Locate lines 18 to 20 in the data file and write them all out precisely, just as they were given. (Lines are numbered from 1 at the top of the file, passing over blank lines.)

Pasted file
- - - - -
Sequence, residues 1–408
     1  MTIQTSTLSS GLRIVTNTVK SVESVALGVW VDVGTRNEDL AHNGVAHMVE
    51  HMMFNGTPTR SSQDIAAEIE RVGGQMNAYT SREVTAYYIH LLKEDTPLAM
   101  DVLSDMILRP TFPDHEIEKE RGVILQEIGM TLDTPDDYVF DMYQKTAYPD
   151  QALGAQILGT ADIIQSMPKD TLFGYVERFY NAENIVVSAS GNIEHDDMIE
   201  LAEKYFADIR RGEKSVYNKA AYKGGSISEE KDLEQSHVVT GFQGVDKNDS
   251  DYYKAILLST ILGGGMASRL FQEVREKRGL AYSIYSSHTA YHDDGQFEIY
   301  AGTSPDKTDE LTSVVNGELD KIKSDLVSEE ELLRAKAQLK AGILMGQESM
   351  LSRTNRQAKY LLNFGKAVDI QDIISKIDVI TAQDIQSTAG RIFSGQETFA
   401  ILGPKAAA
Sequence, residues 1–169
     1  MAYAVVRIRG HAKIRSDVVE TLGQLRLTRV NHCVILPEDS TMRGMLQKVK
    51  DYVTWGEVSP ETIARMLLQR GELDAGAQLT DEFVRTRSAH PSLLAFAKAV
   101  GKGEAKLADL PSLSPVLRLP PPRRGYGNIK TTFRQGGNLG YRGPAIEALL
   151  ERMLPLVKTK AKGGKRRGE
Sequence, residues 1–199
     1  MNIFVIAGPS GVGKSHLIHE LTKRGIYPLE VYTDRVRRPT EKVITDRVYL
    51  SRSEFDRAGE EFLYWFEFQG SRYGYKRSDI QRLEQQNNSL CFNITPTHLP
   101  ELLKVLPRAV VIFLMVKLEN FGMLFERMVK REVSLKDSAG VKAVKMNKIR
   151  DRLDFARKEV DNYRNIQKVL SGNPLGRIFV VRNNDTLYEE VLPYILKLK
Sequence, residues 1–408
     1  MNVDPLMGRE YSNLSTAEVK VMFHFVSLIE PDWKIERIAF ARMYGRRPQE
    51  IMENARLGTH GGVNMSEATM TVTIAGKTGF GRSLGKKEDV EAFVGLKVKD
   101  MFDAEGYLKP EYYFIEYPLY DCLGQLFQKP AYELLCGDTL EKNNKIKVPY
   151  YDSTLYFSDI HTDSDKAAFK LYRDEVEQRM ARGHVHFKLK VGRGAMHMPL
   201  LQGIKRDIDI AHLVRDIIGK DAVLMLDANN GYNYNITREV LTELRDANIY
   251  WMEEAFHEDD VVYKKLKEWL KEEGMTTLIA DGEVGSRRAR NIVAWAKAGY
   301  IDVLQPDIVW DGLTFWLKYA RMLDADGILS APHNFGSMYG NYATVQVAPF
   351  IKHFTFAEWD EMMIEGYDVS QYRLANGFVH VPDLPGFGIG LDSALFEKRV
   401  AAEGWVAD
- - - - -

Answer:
    51  SRSEFDRAGE EFLYWFEFQG SRYGYKRSDI QRLEQQNNSL CFNITPTHLP
   101  ELLKVLPRAV VIFLMVKLEN FGMLFERMVK REVSLKDSAG VKAVKMNKIR
   151  DRLDFARKEV DNYRNIQKVL SGNPLGRIFV VRNNDTLYEE VLPYILKLK